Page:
After the listless, maudlin Cars derailed Pixar's track record for damn-near perfect cinematic storytelling, it's wonderful to see that they're back at the top of their game with Ratatouille, a wholly original entry in the computer animated movie field that seems destined to be the studio's least financially successful film primarily because it's their most sophisticated and mature. Not many marketing tie-ins here. That it's doing well at all owes everything to the quality of the film itself.
With its multilayered plot about a common rat secretly cooking up magic in a snooty Paris restaurant – a rat in a restaurant? you can see all the suspense and the stakes with that setup right there – and its affinity for the intricate details of gastronomy, I can't imagine many children getting into this one – how can they, when few adults can even pronounce the title? But I do think that all the little kids who dig Ratatouille today are going to grow into really cool adults.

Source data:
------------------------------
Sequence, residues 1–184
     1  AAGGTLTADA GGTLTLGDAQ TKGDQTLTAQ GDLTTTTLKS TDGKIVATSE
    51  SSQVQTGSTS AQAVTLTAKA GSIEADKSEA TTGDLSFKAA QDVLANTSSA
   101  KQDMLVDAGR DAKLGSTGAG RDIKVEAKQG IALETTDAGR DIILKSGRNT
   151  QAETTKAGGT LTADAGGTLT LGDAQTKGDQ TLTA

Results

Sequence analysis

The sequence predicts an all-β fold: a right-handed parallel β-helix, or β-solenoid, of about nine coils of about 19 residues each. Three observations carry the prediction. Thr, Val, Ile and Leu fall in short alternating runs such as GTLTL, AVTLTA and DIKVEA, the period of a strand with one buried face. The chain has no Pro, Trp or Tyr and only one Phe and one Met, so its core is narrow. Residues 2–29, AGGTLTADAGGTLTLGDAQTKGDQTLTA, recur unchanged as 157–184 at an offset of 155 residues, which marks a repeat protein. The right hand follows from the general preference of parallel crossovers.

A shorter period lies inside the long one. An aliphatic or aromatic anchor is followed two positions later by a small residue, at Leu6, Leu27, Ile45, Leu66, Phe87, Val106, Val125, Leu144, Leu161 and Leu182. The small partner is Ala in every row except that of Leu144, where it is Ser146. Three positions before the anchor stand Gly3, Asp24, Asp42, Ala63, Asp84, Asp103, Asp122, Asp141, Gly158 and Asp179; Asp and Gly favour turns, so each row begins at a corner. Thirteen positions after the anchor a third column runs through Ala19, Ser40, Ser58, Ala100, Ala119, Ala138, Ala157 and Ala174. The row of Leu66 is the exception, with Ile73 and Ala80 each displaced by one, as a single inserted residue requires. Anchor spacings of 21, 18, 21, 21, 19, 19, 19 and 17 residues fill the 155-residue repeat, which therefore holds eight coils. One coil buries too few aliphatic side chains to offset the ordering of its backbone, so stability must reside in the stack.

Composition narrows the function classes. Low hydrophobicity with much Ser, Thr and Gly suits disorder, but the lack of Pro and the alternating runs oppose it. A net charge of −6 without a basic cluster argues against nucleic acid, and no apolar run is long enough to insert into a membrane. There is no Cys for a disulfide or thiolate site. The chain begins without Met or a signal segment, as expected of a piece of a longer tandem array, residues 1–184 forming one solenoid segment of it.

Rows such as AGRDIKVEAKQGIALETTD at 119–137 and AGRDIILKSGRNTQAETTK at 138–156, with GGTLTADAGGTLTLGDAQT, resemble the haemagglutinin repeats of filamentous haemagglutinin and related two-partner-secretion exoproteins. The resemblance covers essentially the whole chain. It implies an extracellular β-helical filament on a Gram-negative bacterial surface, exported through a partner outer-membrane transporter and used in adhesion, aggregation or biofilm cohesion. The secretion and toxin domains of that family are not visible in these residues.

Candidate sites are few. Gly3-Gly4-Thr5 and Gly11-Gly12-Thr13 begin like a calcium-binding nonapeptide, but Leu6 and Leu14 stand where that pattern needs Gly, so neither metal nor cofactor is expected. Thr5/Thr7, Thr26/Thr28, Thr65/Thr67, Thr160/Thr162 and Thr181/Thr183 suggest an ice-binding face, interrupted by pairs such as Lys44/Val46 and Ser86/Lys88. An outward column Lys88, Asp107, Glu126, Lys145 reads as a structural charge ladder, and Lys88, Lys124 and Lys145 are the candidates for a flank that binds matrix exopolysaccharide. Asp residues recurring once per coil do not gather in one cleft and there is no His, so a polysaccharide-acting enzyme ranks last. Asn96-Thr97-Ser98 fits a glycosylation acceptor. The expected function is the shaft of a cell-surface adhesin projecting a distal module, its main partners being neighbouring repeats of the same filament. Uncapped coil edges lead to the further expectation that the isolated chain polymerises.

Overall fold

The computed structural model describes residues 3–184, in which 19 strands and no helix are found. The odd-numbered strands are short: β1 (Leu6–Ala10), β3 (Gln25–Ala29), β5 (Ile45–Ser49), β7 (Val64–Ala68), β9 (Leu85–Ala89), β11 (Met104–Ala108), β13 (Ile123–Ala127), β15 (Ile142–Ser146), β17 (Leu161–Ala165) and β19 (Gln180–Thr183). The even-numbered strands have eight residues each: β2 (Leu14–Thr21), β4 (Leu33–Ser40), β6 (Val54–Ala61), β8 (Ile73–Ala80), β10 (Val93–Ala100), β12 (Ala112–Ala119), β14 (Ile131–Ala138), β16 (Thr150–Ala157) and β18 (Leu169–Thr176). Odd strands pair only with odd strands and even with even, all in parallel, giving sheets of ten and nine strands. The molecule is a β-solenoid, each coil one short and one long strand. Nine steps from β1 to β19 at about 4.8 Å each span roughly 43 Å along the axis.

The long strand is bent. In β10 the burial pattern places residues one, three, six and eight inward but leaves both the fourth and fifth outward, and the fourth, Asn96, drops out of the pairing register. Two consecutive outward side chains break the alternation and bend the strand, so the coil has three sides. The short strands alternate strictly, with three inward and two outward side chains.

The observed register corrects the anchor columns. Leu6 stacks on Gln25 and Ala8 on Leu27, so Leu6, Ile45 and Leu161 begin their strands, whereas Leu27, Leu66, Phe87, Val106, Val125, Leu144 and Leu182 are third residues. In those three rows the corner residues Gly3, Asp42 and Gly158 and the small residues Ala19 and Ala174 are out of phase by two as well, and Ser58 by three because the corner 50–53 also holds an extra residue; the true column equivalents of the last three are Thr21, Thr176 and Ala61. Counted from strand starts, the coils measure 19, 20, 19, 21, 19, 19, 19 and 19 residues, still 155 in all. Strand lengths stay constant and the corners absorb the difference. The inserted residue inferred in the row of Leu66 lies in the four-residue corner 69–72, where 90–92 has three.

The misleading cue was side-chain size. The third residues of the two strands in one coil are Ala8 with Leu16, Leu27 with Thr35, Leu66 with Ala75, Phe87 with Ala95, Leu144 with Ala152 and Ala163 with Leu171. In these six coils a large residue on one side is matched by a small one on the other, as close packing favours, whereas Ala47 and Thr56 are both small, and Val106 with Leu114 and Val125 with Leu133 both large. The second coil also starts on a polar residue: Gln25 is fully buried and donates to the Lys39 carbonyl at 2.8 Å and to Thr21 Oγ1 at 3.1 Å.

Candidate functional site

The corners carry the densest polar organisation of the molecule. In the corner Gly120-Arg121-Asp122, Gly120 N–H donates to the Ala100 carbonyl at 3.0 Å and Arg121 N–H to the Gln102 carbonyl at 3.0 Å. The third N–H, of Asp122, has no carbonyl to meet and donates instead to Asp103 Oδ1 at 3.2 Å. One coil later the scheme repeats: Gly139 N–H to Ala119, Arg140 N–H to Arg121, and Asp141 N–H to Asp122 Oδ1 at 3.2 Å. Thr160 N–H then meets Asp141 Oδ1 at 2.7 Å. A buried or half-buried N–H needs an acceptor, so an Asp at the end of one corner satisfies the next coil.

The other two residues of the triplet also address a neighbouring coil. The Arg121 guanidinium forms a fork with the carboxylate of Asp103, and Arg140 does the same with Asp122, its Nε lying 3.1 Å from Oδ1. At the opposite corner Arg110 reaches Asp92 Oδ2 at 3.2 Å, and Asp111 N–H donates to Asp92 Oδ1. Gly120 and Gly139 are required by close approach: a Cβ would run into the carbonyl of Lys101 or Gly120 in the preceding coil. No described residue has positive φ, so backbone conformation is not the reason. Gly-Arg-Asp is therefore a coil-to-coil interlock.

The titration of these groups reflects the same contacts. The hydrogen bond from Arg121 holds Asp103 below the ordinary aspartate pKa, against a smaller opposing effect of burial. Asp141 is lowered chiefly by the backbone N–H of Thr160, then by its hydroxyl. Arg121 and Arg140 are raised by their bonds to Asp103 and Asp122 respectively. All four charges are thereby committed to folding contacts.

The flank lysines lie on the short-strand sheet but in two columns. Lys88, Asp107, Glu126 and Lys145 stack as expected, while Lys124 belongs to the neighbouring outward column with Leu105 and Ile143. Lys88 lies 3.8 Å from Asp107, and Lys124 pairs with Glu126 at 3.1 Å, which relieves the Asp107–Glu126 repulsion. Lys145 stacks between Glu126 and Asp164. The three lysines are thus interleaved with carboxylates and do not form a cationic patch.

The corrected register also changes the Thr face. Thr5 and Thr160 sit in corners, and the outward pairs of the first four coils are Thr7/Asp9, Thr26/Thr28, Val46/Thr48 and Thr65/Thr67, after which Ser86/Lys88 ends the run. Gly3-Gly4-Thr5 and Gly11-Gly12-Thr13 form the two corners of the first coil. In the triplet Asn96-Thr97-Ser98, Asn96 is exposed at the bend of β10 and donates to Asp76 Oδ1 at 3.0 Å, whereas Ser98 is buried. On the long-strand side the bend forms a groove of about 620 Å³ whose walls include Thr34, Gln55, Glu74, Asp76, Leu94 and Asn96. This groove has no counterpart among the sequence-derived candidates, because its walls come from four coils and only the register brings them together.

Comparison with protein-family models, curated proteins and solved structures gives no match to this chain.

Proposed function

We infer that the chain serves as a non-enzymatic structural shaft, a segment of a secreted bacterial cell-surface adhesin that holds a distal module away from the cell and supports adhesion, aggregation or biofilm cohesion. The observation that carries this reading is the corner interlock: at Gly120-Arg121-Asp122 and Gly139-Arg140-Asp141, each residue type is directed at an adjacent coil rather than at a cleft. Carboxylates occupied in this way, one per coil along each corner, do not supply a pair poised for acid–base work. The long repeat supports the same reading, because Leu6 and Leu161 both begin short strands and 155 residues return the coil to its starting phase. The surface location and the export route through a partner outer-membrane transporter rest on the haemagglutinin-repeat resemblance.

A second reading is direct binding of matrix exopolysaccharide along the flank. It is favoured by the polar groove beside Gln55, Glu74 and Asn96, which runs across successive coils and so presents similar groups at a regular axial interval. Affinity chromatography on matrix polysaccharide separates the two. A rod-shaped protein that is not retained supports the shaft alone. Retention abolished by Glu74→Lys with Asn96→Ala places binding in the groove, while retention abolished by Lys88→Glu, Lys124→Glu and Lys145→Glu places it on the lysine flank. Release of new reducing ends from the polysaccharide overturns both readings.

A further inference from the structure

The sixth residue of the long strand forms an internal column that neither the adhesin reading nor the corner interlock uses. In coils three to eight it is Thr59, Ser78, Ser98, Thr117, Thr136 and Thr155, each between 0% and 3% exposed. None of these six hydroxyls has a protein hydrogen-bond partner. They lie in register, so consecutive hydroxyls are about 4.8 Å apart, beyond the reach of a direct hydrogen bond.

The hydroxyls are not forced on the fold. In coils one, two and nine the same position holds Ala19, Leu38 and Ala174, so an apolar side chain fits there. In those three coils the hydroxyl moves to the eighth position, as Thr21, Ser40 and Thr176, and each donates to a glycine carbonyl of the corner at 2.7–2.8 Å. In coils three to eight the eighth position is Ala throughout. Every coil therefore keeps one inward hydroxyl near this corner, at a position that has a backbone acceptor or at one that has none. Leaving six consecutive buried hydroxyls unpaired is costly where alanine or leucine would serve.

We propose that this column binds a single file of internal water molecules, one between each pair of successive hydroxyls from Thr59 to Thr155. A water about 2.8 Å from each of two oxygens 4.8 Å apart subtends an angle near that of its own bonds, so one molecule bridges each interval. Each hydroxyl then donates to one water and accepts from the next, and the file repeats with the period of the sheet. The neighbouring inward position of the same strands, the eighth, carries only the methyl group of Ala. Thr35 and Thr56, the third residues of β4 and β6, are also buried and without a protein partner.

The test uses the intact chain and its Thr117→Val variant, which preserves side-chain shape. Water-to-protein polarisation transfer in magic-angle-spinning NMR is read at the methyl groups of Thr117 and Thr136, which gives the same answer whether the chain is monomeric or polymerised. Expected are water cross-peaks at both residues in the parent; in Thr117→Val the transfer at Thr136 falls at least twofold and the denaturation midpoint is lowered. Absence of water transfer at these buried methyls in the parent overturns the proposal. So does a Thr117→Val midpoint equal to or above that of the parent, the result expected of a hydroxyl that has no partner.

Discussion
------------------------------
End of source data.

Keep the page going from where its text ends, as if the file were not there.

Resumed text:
Major kudos to Pixar and to Brad Bird (an extraordinarily gifted director who thankfully took over after the film's original helmer, Jan Pinkava, was fired) for daring to make something urbane and witty in this day and age. The characters are perfectly shaded, the multiple plotlines merge seamlessly, and the photorealistic backdrops of Paris and the French countryside are picture-perfect.
I can't think of anything not to like about Ratatouille. This is a marvelous, touching film about creativity, loneliness, and the bravery it takes to be a nonconformist. It's a "cartoon" made with adults firmly in mind.